8. wallyon 14 Sep 2007 at 11:48 pm

    A lot of intelligent comments by thinking young girls. Totally inappropriate. Close her down.. Well done Mr Howard & Mr Rudd. If the parents are so desaperate for a dollar go to work!

  9. Rebeccaon 15 Sep 2007 at 12:14 am

    I’m 16, and I have to say that I think that it is pretty low of Maddison’s mum to be supporting her daughter in this. It is not that long since I was that age and I can still remember what it was like. I also look at my little brother’s friends who fit into that age category. It doesn’t matter that Maddison looks like an 18 year old; mentally and emotionally she is not mature enough to be the face of the Gold Coast Fashion week, no matter what her mother says. I don’t think that there is too much of a problem with Maddie modelling at this age (there will always be the bitchy tweens, but hey, Maddie’s too ‘mature’ to be caught up in that!) , but I do feel that it is not neccesary for her to be ‘professionally’ modelling. Surely it is enough for her to have to deal with teenage models and that particular industry. It is pretty corrupting and the values that girls are taught aren’t really that desirable. You have to wonder what’s in it for the mum.

  10. Brookeon 15 Sep 2007 at 3:29 am

    i think that maddison should be allowed to follow her dreams.
    stop blaming the mum on everything. she’s done nothing wrong exept letting her daughter do what her dream is.

    I know them quite very well and i know that michelle would not let her 13 year old daughter go out to parties and i know that wherever maddison is going she will go.
    none of this drug crap will go on because maddison is mature enough to know that is discusting, whenever we are watcing tv and something about drugs or alchohol or annorexia or some crap like that is on Maddison will say thats discusting, how could poeple do that to themselves..

    If any of this bulimia of drug stff goes on maddi will be sure to stop modelling, i assure you.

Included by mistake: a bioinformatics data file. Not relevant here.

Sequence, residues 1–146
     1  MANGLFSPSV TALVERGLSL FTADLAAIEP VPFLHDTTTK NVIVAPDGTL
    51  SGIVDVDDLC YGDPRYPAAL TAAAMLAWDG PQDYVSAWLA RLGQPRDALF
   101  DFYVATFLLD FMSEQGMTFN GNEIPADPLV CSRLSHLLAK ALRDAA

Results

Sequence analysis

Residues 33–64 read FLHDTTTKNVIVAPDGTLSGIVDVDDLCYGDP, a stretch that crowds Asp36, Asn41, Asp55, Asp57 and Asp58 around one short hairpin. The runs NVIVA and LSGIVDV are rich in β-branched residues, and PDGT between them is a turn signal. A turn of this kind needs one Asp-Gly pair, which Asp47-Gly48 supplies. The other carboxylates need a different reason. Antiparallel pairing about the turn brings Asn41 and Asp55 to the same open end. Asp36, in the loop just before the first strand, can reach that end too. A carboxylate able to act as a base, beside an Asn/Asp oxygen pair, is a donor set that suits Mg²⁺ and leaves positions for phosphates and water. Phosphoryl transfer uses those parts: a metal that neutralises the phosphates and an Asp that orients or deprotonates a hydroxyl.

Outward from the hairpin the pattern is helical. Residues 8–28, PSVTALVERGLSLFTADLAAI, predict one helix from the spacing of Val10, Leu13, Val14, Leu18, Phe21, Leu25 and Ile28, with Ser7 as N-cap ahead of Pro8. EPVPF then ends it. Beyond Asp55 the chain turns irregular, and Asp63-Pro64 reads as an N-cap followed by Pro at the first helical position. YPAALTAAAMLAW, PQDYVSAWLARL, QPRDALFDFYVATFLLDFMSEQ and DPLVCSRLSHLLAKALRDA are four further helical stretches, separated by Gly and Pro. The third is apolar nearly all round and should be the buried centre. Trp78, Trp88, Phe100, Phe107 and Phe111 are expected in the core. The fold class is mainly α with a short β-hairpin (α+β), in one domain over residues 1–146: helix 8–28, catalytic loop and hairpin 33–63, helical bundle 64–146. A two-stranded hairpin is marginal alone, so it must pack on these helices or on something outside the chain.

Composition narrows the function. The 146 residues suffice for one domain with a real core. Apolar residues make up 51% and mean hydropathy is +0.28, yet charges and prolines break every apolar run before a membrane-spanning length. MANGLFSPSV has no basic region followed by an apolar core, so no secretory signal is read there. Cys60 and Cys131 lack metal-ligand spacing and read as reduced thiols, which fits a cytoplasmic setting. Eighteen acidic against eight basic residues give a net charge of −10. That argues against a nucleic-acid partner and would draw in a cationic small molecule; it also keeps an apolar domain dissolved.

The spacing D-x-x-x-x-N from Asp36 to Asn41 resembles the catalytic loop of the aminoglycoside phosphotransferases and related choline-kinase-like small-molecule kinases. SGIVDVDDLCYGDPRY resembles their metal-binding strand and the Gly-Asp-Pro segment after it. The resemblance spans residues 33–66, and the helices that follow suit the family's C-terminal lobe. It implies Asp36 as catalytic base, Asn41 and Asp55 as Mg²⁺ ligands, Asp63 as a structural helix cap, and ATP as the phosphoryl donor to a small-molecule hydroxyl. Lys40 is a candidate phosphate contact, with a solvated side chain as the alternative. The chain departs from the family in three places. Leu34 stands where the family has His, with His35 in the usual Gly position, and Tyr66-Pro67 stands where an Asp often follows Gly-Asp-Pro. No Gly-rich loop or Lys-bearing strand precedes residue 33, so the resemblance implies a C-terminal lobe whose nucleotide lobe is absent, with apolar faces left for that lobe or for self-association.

just let her follow what she has wanted to do for god knows how long.

    Thank you

  11. mayumion 15 Sep 2007 at 4:32 am

    oh, bitch bitch moan, narrow-minded conservatives… her mother is absolutely right, it’s about fashion, not sex appeal. and it shouldn’t even be in the news, i’m sure there are far more important things. i’m sure i would have been thrilled to have an opportunity like that at age 12. i don’t see how it’s any different to, say, being a child actor. they’re shown all the time onscreen, and if lecherous old men jack off watching it that’s an unfortunate side effect and still probably worth the life experience she’ll gain from it. and if that’s the issue, we should be working towards say, tougher punishment for sex crimes, instead of trying to stop young people from pursuing their dreams.

    this is what ABC has to say (a far more relible source than your howard-worshipping daily telegraphs and herald suns and national nine news)

    Fashion week spokeswoman Kelly Wheiler says young people have a right to pursue their careers.

    “We are not here to exploit young people here at all but actually to promote and encourage young people to follow their dreams for their future, and that is what we are trying to do with Maddison and we wish her all of the luck,” she said.

    “Maddison will be a photographic model and she will not be a ramp model so she will be shown in couture clothes.

    “She will not be wearing any bikini lines and we actually don’t have a problem with that.”

    / word

  12. Rebeccaon 15 Sep 2007 at 6:35 am

    Its rediculious!
    Is the new sexy a 12 year old girl?
    Shes too young.. doesnt her parents realise?!?

    Its good shes following her dreams, but still her parents should be thinking about the long term.. Shes a child growing up she shouldnt throw her life away so early..

    Maddison is up for a big risk.. and shes going to be in a bar.. think of all the older men how will be there craking onto her.. I feel sorry for the poor girl..

    Erhh im sorry fired up on this topic.. lol

  13. Simonon 15 Sep 2007 at 7:57 am

    I think its absolutly discgraceful. Maddison’s parents should also be ashamed of themselves for putting there daughter in this situation to start with.
    No wonder we have so many young woman that grown up to be less than desirable members of the community.

    If Maddison were to go ahead with this, she would be years ahead of her age in development and miss out on the important grounding that most young girls need these days.
    Modelling is not a risky business as someone else has pointed out. It is a self absorbing, fake industry. Sure you can make some money out of it, but only with the correct management and a vision and set goals.
    Gold Coast fashion week, like the rest of the fashion circuit in Australia is a joke.
    Why would I want to look at a 13 year old female model the latest tacky and tasteless trends from the Gold Coast.
    Act your age Maddison, you have another 4-5 years of getting away with anything you want, so enjoy it. You’ll have plenty of time to model and fall in love with your self when your 17 and end up like a large proporation of the rest of the female society(ok ‘m generalising a bit), self absorbed in yourself and pre occupied with material objects.